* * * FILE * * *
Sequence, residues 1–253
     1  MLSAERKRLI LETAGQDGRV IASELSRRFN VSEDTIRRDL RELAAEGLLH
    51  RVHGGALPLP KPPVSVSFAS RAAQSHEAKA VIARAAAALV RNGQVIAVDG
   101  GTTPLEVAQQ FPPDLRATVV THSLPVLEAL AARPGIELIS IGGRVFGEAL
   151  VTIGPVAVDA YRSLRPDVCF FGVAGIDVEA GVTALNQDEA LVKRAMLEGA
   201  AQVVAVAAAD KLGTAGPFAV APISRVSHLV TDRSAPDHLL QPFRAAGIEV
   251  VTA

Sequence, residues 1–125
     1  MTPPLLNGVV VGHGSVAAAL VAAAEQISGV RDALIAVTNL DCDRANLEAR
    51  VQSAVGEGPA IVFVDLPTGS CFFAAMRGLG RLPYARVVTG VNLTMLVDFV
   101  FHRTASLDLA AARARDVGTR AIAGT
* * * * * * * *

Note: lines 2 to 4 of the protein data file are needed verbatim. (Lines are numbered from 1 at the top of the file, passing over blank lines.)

     1  MLSAERKRLI LETAGQDGRV IASELSRRFN VSEDTIRRDL RELAAEGLLH
    51  RVHGGALPLP KPPVSVSFAS RAAQSHEAKA VIARAAAALV RNGQVIAVDG
   101  GTTPLEVAQQ FPPDLRATVV THSLPVLEAL AARPGIELIS IGGRVFGEAL